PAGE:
Not every great movie becomes a cultural touchstone. Some simply escape notice, some are obscured by time, and some are actively suppressed. In this column, Jared adopts a few orphaned films in need of a good viewing.
Despite its morbidity, it used to be super-popular, to the point where you’d be as likely to see a print of Isle of the Dead in a German parlor as you would be to see a poster of Bob Marley or John Belushi in a college dorm room today. Even Hitler (yes, that Hitler) hung an original Isle of the Dead in his office. (It is not known whether Böcklin owned any of Hitler’s paintings, but it is unlikely because Hitler was a shitty painter and an asshole.) Part of the appeal of the painting is its vivid symbolism. It evokes a mood; it tells a story. It’s hiding something. It has an awe-inducing stillness, a serene, perfect, beautiful gloom. There’s a movie, also titled Isle of the Dead, and it takes place in that painting, and all of the same descriptors apply. Scroll up and look at it again. What do you think happens on this island? Did you say, “a small group of people combat superstitious paranoia and a plague outbreak during the Balkan Wars?” No? Well, it’s open to interpretation.
Isle of the Dead—I’m talking about the movie now—is one hell of a scary story. It doesn’t jump out at you and make you scream, but instead it aims to unnerve you, to creep into your thoughts and stay with you all day, like a bad dream. The setting itself is a cramped, confusing mess of mausoleums. Outdoors, the shadows hang heavy and thick, and indoors, the walls and ceilings do the same. In the beginning, when director Mark Robson frames his actors, he doesn’t allot any extra space. His cast fills the screen to the edges. There’s nowhere for them to go. Later, as the plague begins picking off the characters one by one, he allows more negative space, and the island, by contrast, begins to feel very empty indeed, but no less claustrophobic.
But what really anchors the terror here is the irreplaceable Boris Karloff. Karloff is best remembered as the monster in James Whale’s Frankenstein, a performance which made him a cultural icon overnight. The blessing of such a role is that it will be remembered forever, and the curse is that it continues to overshadow the rest of his body of work. Karloff starred in 14 other films… in 1931 alone. He acted in about 160 films throughout his career, many of which cast him as some variation of ghoul, mummy, or warlock. In Isle of the Dead he plays a general in the Hellenic army. He’s even more terrifying without monster make-up.
In the opening scene, Karloff is washing his hands. Across the room, one of his errant colonels begs for mercy as he’s stripped of rank. Without a single word, Karloff hands him a gun and sends him outside the tent. We hear a gunshot, and Karloff nods approvingly where a compassionate man would have flinched. So intimidating is General Karloff that he can spook his troops into shooting themselves with a stern glance.
Oh, and the colonel’s crime? Tardiness.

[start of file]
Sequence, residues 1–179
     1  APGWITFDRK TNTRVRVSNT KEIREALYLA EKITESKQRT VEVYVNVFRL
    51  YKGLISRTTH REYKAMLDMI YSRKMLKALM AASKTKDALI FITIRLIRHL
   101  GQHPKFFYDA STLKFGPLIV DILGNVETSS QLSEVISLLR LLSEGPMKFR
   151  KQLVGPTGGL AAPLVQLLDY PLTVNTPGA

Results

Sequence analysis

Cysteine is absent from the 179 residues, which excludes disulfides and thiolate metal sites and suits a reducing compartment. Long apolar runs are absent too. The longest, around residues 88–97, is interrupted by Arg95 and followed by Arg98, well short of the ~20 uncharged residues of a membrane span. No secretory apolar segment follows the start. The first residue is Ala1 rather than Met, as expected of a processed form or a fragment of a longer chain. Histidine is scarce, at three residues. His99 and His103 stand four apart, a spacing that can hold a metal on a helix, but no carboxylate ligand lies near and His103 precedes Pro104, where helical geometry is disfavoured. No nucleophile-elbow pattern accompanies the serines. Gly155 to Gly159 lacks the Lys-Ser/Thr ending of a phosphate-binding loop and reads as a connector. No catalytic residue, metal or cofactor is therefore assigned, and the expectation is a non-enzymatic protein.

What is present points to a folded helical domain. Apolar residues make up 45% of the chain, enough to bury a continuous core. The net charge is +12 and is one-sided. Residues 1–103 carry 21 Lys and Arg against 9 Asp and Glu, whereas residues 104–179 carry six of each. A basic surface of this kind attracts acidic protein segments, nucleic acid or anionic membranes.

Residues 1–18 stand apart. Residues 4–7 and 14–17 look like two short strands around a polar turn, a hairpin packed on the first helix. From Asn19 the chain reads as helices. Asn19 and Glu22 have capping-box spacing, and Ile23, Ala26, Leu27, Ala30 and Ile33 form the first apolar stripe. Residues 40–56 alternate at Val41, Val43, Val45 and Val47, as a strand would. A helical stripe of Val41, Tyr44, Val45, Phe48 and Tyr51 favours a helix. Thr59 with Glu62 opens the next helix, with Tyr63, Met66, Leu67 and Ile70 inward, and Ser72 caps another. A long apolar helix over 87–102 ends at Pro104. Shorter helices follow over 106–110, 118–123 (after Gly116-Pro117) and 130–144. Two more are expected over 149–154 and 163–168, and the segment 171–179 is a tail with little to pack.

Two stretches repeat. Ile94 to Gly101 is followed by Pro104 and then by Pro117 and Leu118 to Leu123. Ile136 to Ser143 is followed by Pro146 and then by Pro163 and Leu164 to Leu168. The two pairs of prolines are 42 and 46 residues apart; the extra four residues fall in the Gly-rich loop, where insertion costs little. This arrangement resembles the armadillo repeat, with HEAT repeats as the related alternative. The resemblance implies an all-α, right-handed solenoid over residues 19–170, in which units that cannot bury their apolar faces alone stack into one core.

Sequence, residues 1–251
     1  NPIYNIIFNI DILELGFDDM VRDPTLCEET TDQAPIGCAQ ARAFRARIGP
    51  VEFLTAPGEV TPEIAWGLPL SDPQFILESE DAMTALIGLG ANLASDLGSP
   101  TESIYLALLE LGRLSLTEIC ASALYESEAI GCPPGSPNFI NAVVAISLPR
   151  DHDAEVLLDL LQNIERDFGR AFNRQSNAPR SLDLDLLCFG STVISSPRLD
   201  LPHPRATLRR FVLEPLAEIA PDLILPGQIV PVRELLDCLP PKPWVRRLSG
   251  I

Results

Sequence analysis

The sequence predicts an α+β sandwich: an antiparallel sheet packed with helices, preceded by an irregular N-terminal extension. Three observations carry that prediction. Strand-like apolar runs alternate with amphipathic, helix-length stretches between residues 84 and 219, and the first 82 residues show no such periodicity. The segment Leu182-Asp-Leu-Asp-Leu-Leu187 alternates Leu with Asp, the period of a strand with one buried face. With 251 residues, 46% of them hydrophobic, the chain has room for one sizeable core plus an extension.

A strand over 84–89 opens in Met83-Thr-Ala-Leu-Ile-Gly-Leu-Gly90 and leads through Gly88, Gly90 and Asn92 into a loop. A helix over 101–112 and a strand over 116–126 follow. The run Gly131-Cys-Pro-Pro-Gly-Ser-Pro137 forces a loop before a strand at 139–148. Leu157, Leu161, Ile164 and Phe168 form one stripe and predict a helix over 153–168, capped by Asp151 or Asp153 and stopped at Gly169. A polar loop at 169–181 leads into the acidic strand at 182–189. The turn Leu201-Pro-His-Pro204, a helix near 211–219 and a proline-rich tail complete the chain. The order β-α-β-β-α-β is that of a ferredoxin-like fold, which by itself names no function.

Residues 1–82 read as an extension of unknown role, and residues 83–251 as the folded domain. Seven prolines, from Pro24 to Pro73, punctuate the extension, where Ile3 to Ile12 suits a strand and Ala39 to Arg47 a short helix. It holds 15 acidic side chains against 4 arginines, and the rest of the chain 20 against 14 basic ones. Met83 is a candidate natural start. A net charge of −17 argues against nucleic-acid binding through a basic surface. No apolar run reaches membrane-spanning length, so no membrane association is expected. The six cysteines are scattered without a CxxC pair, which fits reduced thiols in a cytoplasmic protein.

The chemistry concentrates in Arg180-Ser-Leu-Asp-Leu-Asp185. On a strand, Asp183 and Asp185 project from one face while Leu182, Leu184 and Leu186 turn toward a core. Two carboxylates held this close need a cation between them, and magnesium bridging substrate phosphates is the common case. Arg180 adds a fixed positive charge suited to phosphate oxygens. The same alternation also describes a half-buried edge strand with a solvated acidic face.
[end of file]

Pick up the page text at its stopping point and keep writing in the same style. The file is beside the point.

But Karloff’s general isn’t merely a single-minded tyrant. On the contrary, the fact that he can also laugh and enjoy a glass of wine only makes his menace more unsettling. The trait that makes him a good general also makes him an evil person. He can commit atrocities, and justify them, and still love life and sleep well at night. He isn’t heartless. The whole reason he’s on the island is to visit his wife’s grave. When he arrives he finds that all the tombs have been picked clean by robbers since his last trip. Fittingly, they’re refilled by the end of the film. Because while he’s touring scenic Cemetery Island, plague strikes, and Karloff intends to fight it off the same way he fought off the… who did they fight off in the Balkan War? The Ottomans? I think it was the Ottomans.
Unfortunately, Karloff doesn’t have his army with him. He’s used to commanding people, not cajoling them. And even when these civilians obey him, they still end up dead.
A major theme of the film is that evil thoughts and emotions have a will of their own. Helene Thimig, the resident old peasant woman claims that an evil spirit is to blame, and that Ellen Drew is possessed by this spirit, and after all of the really sane people die, Karloff starts to believe her. He slowly transforms from a practical, tactical atheist into a Greek Van Helsing. It makes sense contextually. In this movie we never get a sense of where off-screen characters might be, or where they might come from, or what they might be up to while we’re not looking at them. The uncertainty breeds suspicion, and Karloff, desperate for a solution, starts thinking, “Could Ellen Drew really be a Greek vampire? Well, I don’t know for sure, but not killing her hasn’t stopped anyone from dying…” These pernicious ideas spread faster than any plague, and are more damaging than an actual vampire spree.
Of course, there’s no real monster on the island. The humans fulfill that role well enough. But it’s not just a pissing-contest or a blame-game that gets out of hand. What’s really scary is that everybody’s on their best behavior, doing their utmost to be rational adults in a time of crisis, and they still end up burying each other alive.